Mirror, Mirror


I love the concept that what we “see” in something is what is already within us.  What attracts us are those traits which we possess and value, and what strikes a nerve is often something about ourselves that we are unhappy with.  Other people act as mirrors, reflecting our own traits back to us.  If something is not within us, we will not have a strong emotional response to it.  For example, my eldest son is quite hard on himself, and gets extremely frustrated when he isn’t automatically good at something, like reading.  He has responded to his frustration by calling himself stupid, and giving up.  This kills me a little inside every time I hear it, because he is not stupid, he is actually quite smart for his age, but also, because I have an internal fear of not being smart enough.  Him saying that strikes a nerve inside me because that’s how I feel, and I don’t like it because I’m insecure myself.  Meanwhile, it doesn’t bother my husband at all, in fact, I don’t think he “gets” the level of frustration that our son feels, because he doesn’t have the same gremlin to deal with, for he is confident within his intelligence.

I believe this is true of art…we see within a painting or sculpture or photograph what we are feeling or experiencing in our own life.  Our reaction to art is a reflection of how we are feeling in the moment.  For example, I created this piece with the intention of expressing vulnerability.  I wanted to show strength in vulnerability, allowing one to be transparently true to oneself, yet strong.  Brene Brown expresses her definition of vulnerability as “our most accurate measure of courage”.  Vulnerability is about having the courage to show up and be seen…really seen.  “Vulnerability is the birthplace of love, belonging, joy, courage, empathy and creativity.  It is the source of hope, empathy, accountability and authenticity.  If we want greater clarity in our purpose or deeper and more meaningful spiritual lives, vulnerability is the path.”  Vulnerability is strength, not weakness.  It is allowing others to see your heart and soul in their truest forms.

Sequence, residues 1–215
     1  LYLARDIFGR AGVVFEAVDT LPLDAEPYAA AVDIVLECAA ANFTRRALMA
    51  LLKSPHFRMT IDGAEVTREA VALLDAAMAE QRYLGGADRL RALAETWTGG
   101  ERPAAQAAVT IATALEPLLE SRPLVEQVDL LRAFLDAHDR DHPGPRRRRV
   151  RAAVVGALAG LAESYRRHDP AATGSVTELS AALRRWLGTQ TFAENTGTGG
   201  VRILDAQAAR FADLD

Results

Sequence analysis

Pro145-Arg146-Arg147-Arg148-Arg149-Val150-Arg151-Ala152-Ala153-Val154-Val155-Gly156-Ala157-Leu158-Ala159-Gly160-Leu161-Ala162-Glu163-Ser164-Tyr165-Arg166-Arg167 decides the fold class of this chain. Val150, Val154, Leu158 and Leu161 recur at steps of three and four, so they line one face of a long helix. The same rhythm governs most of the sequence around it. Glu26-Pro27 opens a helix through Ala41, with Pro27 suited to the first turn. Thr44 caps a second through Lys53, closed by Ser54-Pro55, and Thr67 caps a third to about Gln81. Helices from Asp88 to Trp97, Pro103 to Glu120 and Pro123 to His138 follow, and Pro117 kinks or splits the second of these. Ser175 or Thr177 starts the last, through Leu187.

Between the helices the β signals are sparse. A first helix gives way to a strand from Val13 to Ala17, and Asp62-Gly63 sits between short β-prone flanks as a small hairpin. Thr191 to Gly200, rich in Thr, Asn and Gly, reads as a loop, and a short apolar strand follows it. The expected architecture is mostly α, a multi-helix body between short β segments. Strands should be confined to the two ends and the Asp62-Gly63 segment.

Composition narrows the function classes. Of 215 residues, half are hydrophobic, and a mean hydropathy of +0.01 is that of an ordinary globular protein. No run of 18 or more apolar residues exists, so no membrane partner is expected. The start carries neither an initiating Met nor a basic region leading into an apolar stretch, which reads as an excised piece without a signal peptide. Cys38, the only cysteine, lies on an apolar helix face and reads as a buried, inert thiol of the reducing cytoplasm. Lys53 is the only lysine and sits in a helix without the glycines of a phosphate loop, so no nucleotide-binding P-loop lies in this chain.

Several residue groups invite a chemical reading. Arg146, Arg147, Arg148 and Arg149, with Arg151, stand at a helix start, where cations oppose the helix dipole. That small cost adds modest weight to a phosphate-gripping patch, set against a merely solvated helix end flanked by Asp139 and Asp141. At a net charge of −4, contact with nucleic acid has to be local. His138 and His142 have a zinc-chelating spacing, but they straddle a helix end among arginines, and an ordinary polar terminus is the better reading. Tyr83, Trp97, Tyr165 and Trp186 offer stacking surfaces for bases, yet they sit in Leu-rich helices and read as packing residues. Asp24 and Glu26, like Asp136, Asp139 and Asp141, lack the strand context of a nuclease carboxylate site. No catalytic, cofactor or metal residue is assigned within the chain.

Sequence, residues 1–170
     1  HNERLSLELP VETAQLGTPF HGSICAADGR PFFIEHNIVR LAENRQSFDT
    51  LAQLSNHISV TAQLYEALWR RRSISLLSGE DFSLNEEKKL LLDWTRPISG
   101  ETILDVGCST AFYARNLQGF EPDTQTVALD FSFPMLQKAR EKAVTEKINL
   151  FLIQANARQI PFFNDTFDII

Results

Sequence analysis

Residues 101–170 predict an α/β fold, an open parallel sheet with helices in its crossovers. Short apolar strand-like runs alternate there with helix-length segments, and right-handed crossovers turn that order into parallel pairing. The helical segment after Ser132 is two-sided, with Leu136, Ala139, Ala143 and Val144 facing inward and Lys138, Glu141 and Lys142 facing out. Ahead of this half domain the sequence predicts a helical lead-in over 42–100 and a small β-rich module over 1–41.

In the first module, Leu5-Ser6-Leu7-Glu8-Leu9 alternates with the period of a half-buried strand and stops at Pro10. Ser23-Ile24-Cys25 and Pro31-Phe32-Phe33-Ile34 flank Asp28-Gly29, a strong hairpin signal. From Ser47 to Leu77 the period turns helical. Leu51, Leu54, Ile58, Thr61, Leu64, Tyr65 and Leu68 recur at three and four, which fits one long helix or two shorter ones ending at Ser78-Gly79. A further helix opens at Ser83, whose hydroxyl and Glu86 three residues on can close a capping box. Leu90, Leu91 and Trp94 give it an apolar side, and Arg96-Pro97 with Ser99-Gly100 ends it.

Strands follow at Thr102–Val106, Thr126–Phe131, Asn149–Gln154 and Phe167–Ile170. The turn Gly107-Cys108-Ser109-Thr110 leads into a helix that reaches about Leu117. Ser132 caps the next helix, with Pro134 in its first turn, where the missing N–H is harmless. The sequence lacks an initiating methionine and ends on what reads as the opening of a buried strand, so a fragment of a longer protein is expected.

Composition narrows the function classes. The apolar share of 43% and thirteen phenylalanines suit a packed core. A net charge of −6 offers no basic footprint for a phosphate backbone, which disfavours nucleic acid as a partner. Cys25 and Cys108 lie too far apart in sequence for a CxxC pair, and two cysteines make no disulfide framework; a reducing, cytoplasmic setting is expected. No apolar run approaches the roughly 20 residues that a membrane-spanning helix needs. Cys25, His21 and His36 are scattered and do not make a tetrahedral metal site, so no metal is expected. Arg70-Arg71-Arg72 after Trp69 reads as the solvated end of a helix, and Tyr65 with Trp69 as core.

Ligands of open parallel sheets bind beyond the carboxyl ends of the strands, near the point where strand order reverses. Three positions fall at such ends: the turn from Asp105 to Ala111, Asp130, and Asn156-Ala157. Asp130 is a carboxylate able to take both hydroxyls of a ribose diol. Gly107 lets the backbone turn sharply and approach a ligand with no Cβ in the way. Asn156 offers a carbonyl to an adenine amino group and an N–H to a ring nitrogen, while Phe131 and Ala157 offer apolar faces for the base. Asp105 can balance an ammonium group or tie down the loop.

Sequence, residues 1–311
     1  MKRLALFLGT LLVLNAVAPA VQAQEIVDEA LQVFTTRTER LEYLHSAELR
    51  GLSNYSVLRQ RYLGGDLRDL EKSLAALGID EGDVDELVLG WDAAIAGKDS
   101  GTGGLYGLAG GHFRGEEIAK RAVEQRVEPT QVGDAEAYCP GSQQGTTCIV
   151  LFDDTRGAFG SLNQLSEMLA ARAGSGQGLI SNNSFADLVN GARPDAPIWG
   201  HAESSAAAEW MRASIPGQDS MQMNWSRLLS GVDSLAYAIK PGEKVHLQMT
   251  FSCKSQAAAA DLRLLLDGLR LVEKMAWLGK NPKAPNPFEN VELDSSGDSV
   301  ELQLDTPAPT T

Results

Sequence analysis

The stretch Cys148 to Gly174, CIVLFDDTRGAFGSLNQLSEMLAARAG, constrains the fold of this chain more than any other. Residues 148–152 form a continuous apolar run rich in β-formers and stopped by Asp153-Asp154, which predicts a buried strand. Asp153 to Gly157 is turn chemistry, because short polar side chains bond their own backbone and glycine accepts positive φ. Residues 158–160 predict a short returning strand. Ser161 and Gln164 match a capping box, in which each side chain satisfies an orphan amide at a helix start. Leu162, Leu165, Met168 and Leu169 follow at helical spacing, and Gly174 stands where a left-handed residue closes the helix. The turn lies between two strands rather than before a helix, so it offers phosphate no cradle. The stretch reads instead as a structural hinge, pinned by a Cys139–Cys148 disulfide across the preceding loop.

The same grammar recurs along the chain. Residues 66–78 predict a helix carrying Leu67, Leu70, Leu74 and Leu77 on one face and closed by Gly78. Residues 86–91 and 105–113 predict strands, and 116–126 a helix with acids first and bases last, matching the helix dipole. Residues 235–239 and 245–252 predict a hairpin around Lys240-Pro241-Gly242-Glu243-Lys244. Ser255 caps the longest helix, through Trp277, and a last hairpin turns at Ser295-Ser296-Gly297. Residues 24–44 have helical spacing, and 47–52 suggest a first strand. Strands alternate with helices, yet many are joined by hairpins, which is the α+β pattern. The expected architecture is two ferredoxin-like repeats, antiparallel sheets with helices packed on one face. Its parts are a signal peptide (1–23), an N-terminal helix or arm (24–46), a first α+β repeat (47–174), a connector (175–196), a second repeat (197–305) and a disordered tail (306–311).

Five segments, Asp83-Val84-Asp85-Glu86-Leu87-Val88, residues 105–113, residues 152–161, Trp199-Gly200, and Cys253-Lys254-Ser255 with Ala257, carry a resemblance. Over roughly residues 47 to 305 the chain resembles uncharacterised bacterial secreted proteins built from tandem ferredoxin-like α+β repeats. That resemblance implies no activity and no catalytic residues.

Yet, when I was finished this piece and showing it to people, I had varying responses to the emotion portrayed.  One friend described her as sultry, and another as very sad.  These are quite opposite responses to the same image!  To be sultry, one must be confident, whereas sadness brings on a feeling of hopelessness, in my mind.  It’s all in your own mind’s perspective.  And that’s the vulnerability in sharing art!  It may trigger positive or negative emotions in people, which may be strong, and result in being expressed as “like” or “dislike” of a piece, having nothing to do with the artistry itself, and everything to do with the emotion it makes a person feel…what is mirrored back.  In my opinion, if art makes you feel something, anything, it has been successful in doing its job.

So, what do you see?  Does she bring up an emotion for you?  What is it?  I’d be honoured if you’d share your experience with me, even if in private.  You know where to find me.  😉  I’m curious.

And remember, you are never more courageous than when you are willing to be imperfect and vulnerable.  Cheers.

5 thoughts on “Mirror, Mirror

  1. I see in her a numbness, as if she is over the day to day and is just existing. I don’t see sadness or melancholy, and it’s not boredom I see, just an acceptance to a realization that this is it, this is all there is, numb.

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